# Construct point P 4.2cm from A and 5.6cm from B

A and B are 2 points 7cm apart. Construct the positions of point P which is 4.2cm from A and B 5.6cm from B. How many possible positions for P are there. Measure the distance between them.

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I need you to change the title it is important right now. –  Asaf Karagila Nov 29 '12 at 15:06
Give me more time, please. –  Babak S. Nov 29 '12 at 15:09
Will the answer be important later as well? –  Graphth Nov 29 '12 at 15:10
OK, we've had our fun. I've edited in a more informative, if less amusing, title. –  Gerry Myerson Nov 30 '12 at 2:01
@Gerry: Did you do it right now? It was important. :-) –  Asaf Karagila Nov 30 '12 at 14:44

Note that the distance of each point P to A is 3/5ths of the distance from B to A, and also the distance of P to B is 4/5ths of the distance from B to A. So we are dealing with two points P that are vertices opposite the common hypotenuse of mirror-image right triangles.

This is easily constructed with (collapsing) compass and (unmarked) straightedge. Start by dividing AB into five equal intervals. Then use the respective points 3/5th from A and 4/5ths from B to draw a pair of (unequal) circles about A and B, giving two points of intersection as the possible solutions P.

The line segment connecting the two possible solutions P is then perpendicular to the hypotenuse AB. Applying a well-known result about the altitude to the hypotenuse of a right triangle, we can work out that the distance between the two solutions P is 24/25ths of the distance from B to A. Using that AB has length 7cm, the absolute distance between the two points P is then easily calculated.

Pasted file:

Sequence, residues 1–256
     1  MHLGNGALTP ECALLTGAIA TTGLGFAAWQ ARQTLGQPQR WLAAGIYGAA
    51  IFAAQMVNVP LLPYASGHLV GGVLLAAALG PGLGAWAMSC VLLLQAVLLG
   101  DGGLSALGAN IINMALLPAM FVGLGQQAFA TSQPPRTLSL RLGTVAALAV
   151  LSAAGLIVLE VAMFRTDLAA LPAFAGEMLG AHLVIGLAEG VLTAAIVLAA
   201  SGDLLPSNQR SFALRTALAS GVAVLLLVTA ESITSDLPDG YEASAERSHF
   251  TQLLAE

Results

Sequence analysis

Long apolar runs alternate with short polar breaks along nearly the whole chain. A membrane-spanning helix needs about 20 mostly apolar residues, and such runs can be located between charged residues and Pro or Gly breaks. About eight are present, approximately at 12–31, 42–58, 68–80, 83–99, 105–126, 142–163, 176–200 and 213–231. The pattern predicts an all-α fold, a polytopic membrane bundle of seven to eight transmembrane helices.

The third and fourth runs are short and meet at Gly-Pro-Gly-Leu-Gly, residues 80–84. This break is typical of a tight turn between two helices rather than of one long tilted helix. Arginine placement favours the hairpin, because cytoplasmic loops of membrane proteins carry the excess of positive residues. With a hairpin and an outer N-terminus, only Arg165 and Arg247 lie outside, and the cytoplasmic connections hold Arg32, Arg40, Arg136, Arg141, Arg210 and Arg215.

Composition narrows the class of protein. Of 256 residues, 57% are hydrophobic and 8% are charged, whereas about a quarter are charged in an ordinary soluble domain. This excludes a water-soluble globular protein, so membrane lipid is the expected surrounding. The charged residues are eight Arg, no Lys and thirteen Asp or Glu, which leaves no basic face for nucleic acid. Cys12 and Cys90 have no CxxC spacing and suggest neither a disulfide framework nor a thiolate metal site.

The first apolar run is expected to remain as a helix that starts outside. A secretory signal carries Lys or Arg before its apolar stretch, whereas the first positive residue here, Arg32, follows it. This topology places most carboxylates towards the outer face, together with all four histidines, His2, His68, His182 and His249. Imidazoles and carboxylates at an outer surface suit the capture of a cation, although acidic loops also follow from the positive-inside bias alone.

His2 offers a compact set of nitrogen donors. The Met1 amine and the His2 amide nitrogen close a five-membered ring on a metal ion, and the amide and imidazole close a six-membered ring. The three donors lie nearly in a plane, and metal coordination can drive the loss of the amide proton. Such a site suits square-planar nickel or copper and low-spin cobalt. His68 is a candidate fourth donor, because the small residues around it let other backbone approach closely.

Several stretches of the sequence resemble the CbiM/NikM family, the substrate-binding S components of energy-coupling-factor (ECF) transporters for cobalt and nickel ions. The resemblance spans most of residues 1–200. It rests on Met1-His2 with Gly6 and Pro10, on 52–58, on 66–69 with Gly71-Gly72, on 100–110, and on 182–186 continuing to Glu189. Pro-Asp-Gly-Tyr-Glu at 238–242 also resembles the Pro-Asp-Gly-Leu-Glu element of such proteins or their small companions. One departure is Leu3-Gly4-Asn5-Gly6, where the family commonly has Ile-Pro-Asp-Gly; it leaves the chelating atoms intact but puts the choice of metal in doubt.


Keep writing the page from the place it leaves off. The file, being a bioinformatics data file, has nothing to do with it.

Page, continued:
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Hint: you might as well take $A$ at the origin and $B$ at $(0,7)$. Do you know the formula for a circle with given center and radius?

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No, he doesn't. Give him the formula right now –  Adam Rubinson Nov 29 '12 at 15:25
YEAH ITS PIE R SQUARED –  Sumaiyah Nov 29 '12 at 15:34
"YEAH..." Desperate and a smart-aleck too. –  Dilip Sarwate Nov 29 '12 at 15:42
The word "construct" in the question suggests a geomtric (compass & straightedge) approach, rather than a Cartesian coordinate solution/formula. –  hardmath Nov 29 '12 at 15:51
@Sumaiyah: No, it is not. Not even if you know the constant is $\pi$ instead of pie and stop yelling. I was trying to see what you do know and what class it is in, so I could provide a useful hint, but I have lost interest. –  Ross Millikan Nov 29 '12 at 16:13

To be of 4.2cm distance from $A$ means to be on the circle around $A$ with radius 4.2cm.

Now draw those circles, and find all $P$ points that satisfy the requirement.

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